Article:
Wednesday, September 28, 2011

Time slips through my fingers like fine grains of sand...

I never have enough time.  As an educator, we are all asked to do a million and one things each day.  I know that somewhere, buried in my contract, it states I am entitled to one prep period a day, and one liaison period.  Special educators have more than one role in the building.  We teach, and we are responsible for the IEP management of our students.  This means meetings, letters, legal paperwork, progress reports, communication with teachers, parents, and care providers.  As the teacher and coordinator of a substantially separate classroom, I have a number of roles and responsibilities.  Until this year, I had zero scheduled prep time.  This year, I have 30 minutes four times a week.  30 minutes of time to plan for ELA, geometry, writing, history, MCAS math prep, copying, writing lessons, all the while being asked to solve problems, intervene in crises, keep up to date with the behavior plans and data, distribute reports, grade papers, and the list goes on.  When I express my need for prep time to my supervisor, I am told 30 minutes is 30 more than she gets.  I feel she should advocate for herself more strongly if she wished to have more prep time.  That is what I did in order to get these 30 minutes.  And contractually, I'm allotted two 45 minute periods.  I get guilt trips when I request what has been written into our contracts, and I don't like feeling that way.  Why should it be that our building culture is one of self-sacrifice?  Having a set prep time should not be a luxury or a silly thing to ask for.  I was also told that special educators often don't receive prep at all, despite having more roles than the regular education teachers.  Why is that?  It seems counter-intuitive. 

What ways do other administrators make sure their staff has the time they need?

Monday, September 19, 2011

In Response to What Parents Really Want to Tell Teachers: What You Do Hurts Our Children

I have read Ron Clark's article What Teachers Really Want to Tell Parents as well as Laurie A. Couture's article What Parents Really Want to Tell Teachers.  While Clark's article has a number of points I could disagree with, Couture's left me physically upset. 

Couture wants us to believe that teachers, excuse me, pawns are responsible for things such as You deny our children their right to use the toilet when needed, causing them intense pain and desperation and putting them at risk for urinary and gastrointestinal dysfunction and damage. You deny them hydration, causing them to dehydrate and putting them at risk for headaches, mental fog, lethargy and medical problems.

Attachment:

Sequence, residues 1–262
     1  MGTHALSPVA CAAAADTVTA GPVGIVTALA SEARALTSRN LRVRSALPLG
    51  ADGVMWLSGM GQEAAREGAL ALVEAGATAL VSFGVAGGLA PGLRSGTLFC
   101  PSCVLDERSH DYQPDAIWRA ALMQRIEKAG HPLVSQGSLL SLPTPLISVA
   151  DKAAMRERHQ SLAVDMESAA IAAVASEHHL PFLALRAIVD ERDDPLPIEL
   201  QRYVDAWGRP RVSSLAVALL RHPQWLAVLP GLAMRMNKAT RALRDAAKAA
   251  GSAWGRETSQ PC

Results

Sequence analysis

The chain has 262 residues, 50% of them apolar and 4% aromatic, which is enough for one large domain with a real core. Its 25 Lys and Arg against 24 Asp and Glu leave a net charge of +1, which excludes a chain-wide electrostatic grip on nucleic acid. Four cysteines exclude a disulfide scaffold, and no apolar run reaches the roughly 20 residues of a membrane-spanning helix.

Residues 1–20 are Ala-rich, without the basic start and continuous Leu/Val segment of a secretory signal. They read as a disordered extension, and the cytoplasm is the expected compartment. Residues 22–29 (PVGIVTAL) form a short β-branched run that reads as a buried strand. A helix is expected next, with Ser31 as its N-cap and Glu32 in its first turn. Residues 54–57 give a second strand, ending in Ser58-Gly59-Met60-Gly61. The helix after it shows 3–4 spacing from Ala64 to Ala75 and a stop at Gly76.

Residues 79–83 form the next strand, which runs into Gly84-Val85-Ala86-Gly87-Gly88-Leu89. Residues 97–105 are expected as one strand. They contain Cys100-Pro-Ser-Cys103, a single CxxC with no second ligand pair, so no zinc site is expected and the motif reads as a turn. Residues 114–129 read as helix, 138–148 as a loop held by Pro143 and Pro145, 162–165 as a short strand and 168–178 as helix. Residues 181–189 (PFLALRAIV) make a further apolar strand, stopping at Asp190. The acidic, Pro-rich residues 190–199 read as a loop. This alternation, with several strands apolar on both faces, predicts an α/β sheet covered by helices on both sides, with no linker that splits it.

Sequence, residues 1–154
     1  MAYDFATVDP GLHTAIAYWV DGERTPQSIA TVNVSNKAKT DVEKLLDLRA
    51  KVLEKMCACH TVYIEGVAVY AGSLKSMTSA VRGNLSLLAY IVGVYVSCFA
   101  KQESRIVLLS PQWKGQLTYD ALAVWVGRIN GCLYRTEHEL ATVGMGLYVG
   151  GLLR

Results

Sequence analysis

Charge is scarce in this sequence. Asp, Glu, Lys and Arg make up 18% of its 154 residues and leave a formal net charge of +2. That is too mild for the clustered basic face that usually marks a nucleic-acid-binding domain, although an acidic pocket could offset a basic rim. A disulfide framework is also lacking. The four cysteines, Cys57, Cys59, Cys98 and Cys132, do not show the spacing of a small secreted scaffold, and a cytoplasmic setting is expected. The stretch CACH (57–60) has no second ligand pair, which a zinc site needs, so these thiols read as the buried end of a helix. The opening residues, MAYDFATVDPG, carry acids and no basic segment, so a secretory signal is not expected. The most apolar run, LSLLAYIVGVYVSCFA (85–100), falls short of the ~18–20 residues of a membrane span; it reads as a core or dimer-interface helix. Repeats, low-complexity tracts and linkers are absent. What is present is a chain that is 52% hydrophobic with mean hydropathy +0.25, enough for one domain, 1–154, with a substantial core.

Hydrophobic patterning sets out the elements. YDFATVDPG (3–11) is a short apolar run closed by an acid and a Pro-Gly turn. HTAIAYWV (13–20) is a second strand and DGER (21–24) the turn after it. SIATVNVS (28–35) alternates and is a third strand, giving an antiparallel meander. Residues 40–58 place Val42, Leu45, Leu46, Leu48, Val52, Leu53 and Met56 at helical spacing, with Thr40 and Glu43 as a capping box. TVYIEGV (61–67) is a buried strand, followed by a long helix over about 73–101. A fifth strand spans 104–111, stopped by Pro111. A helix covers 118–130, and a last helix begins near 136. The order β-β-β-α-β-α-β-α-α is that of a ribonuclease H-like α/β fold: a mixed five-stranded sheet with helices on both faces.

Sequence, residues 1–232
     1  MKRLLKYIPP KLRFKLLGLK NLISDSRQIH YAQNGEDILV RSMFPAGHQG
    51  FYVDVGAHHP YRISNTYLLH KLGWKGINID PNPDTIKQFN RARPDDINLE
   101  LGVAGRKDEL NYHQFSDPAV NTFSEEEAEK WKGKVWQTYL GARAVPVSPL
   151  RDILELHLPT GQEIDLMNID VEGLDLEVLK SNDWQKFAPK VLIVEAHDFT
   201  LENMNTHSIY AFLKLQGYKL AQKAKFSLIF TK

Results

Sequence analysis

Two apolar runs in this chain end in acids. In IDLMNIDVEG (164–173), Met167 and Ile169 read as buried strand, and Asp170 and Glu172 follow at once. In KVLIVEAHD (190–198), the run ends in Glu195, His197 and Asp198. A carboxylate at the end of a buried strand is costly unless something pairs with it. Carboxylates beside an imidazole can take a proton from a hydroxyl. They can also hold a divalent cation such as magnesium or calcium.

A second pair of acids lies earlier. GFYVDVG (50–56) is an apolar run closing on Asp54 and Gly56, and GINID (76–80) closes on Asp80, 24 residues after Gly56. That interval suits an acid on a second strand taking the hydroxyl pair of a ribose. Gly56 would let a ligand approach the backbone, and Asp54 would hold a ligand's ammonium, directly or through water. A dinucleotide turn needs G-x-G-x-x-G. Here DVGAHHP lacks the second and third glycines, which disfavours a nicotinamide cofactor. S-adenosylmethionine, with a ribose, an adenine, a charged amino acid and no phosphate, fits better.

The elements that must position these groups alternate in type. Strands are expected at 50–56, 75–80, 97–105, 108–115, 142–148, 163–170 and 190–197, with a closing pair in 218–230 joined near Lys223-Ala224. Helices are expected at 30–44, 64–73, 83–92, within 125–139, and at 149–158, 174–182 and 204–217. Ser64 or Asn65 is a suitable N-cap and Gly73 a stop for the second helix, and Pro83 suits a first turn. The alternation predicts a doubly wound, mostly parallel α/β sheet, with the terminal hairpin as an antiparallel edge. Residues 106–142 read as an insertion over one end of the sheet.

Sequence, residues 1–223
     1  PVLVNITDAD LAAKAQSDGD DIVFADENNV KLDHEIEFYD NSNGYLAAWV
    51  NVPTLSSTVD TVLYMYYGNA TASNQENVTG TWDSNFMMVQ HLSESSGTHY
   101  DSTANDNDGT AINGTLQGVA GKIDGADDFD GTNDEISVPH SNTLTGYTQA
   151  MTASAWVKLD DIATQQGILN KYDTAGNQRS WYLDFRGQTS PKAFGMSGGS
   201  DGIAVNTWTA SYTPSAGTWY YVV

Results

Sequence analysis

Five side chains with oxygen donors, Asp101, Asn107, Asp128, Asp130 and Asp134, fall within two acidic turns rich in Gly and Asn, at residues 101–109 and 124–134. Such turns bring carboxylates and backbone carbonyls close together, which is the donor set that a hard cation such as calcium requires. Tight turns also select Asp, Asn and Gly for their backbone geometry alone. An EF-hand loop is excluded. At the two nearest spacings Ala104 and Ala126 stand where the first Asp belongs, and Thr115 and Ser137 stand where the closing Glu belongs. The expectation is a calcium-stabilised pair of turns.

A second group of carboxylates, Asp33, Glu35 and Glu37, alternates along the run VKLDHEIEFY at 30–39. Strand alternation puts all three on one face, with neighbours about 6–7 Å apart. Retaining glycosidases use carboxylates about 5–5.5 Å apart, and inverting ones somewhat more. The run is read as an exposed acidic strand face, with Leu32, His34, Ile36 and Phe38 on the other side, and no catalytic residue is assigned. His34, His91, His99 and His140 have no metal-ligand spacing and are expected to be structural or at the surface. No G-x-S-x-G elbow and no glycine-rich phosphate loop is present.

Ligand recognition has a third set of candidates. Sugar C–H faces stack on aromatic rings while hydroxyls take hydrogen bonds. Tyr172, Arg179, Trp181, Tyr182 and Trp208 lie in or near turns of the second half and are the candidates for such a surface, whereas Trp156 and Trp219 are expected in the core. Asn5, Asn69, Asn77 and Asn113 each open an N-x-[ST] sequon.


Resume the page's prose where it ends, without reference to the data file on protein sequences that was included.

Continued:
She goes on to say educators are responsible for medicating children rather than deal with their normal childhood behaviors.  Educators take the joy out of everything we give them to do.  Educators also are blamed for stealing children from their families during the best years of their lives.  Couture states that " You treat our children without respect, empathy, compassion or love unless they behave according to your rules and expectations. You seem oblivious to their pain, vulnerability and distress." Also, "Children processed by your system have no time to make up all of the living they missed from preschool through high school graduation. From there on, unless they find themselves, they will have a life of perpetual work and consumption until they die."

Now, I feel strongly about the need for systemic change in education.  Strongly enough to live each day making all the changes in my power.  I have it tattooed on my arm! Be the change you want to see in the world!  I teach my students how to be powerful individuals, and use their voices so they are heard, just as I hope to be heard when I feel something needs to be different.  I teach my students that generalizations, bashing, and all-emotion-no-data rants are useless if one wants to send an idea home. 

I read a number of blogs to stay current, and I find it interesting to see how others think and feel.  If I read something I disagree with, I try to see it from their perspective and reflect on how it makes me feel. Sometimes what I read changes my views, other times it only strengthens my resolve.  I know something is well put when it makes me really challenge my beliefs.

Couture's article evoked strong feelings in me.  I felt disrespected. I did not feel inspired or motivated, I felt angered.  I saw many readers claim the need to unsubscribe due to the emotions they felt after reading.  I can relate, but I feel the need to read and understand even those I strongly disagree with.  In case there becomes a movement as extreme as this post, I want to be well prepared for what I'd be up against.  Keep your enemies closer!

I enjoy reading the thoughts of others and will continue to do so, even when the material is hard for me to swallow.  I want my students to be able to read a challenging text, form their opinions, then share them in such a way that they'll be heard.